In the weeks leading up to the PFA awards, newspaper columnists aired their views on which of the six nominated players should receive the Player of the Year award. Many felt that Robin van Persie should be this year’s winner for the goals he scored for Manchester United and how that had ensured the Premier League title returned to Old Trafford. Others, including Jamie Redknapp, were championing Luis Suarez until his unfortunate incident last weekend. That Bale was successful avoided an embarrassing situation for the PFA if Suarez had been the winner.
Gareth Bale won both of the top awards at The Professional Footballers Association ceremony but some commentators supported other candidates on the shortlist while Martin Keown said that when he was voting, he thought that the award should go to a player who was in a trophy winning team.
Last weekend, the former Arsenal and England central defender, Martin Keown wrote in his Saturday Premier League Bootroom column in the Daily Mail,
“The Tottenham winger gets me out of my seat more than any player in the league but I’ve always thought the player of the year should be someone who has won silverware.”
Keown’s reasoning would have excluded from receiving his vote, if he were still playing as Tottenham had not won any trophies. His preference was for van Persie –
“RVP has been the difference in the title race.”
Keown’s suggestion is surely another case of let’s keep everything for the top clubs. Players already demand to leave their club as soon as they know that a ‘top’ club is interested in signing them. Tottenham have suffered this over the years with many players – Manchester United have signed Teddy Sheringham, Michael Carrick and Dimitar Berbatov, Luka Modric was involved in transfer demands over the past two summers, first wanting to join Chelsea and then last year signing for Real Madrid. Even Robbie Keane had to join Liverpool once he knew of their interest. To consider that an award winner should only come from one of the trophy winning teams reduces the contribution that players from other less successful teams can make to their team and to the course of a season.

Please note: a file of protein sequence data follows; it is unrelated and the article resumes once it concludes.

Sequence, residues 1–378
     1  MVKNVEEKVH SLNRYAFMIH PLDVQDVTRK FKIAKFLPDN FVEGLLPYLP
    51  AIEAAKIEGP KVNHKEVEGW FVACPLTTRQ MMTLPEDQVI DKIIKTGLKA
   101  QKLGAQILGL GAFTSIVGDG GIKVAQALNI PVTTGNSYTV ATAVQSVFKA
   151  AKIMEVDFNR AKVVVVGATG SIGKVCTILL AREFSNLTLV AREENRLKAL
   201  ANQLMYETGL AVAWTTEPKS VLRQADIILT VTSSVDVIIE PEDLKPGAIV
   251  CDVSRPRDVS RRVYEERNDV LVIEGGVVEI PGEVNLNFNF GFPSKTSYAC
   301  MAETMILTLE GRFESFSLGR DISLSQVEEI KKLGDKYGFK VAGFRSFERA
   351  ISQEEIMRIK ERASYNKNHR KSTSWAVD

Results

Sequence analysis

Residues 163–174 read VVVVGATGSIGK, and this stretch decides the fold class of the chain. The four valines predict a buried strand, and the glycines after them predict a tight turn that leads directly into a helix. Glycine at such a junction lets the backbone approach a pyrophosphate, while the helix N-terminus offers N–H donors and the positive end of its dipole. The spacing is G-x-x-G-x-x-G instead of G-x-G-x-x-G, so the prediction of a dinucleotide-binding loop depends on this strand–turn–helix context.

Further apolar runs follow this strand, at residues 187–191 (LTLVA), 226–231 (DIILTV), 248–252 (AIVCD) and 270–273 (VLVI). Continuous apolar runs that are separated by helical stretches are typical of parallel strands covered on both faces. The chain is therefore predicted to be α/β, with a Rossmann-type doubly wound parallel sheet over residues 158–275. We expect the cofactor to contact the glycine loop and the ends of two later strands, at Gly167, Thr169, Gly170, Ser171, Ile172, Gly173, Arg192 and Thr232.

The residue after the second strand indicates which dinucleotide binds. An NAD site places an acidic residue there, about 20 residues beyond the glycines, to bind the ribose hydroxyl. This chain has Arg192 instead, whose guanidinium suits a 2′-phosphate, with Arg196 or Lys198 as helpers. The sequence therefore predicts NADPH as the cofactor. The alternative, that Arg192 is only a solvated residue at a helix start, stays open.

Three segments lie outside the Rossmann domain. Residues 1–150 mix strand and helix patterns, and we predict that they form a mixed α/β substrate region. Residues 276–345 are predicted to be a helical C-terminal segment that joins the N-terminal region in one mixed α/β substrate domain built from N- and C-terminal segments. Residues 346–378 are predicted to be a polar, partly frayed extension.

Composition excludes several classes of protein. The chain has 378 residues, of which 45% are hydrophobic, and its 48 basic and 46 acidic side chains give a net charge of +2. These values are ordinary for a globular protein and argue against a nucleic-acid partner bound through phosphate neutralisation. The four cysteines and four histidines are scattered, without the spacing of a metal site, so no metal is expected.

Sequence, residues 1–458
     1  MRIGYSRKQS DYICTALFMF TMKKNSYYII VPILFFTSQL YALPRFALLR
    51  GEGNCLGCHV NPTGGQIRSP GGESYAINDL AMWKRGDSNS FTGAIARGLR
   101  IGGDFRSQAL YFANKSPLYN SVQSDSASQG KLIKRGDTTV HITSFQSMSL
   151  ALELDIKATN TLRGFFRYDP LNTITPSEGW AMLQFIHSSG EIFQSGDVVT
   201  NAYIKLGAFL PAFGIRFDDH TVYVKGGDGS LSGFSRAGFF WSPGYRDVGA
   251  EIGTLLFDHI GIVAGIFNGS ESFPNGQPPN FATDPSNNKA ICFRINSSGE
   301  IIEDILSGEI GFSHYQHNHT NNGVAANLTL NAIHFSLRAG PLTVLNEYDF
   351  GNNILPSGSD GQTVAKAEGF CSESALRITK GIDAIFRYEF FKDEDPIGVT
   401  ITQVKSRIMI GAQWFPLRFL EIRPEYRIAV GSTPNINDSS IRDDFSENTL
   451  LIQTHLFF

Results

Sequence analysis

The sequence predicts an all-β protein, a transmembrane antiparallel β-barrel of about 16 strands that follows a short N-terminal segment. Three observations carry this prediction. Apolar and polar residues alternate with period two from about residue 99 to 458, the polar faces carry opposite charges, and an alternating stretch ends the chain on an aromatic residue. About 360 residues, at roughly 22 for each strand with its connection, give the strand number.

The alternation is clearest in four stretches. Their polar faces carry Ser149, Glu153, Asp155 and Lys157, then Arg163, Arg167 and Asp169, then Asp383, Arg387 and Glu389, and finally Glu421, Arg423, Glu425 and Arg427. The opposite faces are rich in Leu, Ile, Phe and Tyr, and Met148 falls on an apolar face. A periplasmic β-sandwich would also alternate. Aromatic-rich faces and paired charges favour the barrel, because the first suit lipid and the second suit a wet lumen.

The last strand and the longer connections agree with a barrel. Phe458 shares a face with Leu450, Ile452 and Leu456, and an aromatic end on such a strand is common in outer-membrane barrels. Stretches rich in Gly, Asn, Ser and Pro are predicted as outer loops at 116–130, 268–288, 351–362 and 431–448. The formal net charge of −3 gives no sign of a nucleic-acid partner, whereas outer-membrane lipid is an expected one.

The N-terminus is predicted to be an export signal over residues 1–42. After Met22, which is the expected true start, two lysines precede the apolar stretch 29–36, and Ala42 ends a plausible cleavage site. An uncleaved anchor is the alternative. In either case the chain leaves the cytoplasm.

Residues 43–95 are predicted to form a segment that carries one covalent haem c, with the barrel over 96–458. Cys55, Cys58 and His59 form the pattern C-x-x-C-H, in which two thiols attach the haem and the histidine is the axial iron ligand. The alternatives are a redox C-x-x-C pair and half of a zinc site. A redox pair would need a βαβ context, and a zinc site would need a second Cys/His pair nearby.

The players at the top teams are surrounded by the best possible players who quite frequently dominate the opposition making it easier for a striker to score or a midfield player to shine. Robin van Persie is surrounded by class players who can create numerous goal scoring opportunities for him in every match. A player in one of the challenging teams has a more difficult task in delivering top class performances as his team mates may not be as capable of creating opportunities or as responsive to his play.
Gareth Bale has come to the fore as a goal scorer in the past two season whereas originally he was seen as more of a creative player on the left of midfield who would score the occasional goal. Most of Bale’s energy was spent in delivering dangerous crosses into the penalty area. The problem was that over the past couple of seasons Spurs have lacked instinctive strikers who could convert the chances he created. On so many occasions a cross from Bale would go across the area with no-one there to capitalise on his pace and creative skills or the striker was a yard behind the play trying to reach his perfect cross.
Gareth Bale is a worthy winner for his contribution to Tottenham’s season. He showed great humility in his interviews paying tribute to both his Tottenham team mates and manager, Andre Villas-Boas.
The opportunity to win such an honour should not be denied a player just because he doesn’t play for one of the elite clubs who win silverware each season. To do so would mean that the awards would be restricted to players from two, three or perhaps four clubs each season.
Do you agree with Martin Keown’s view?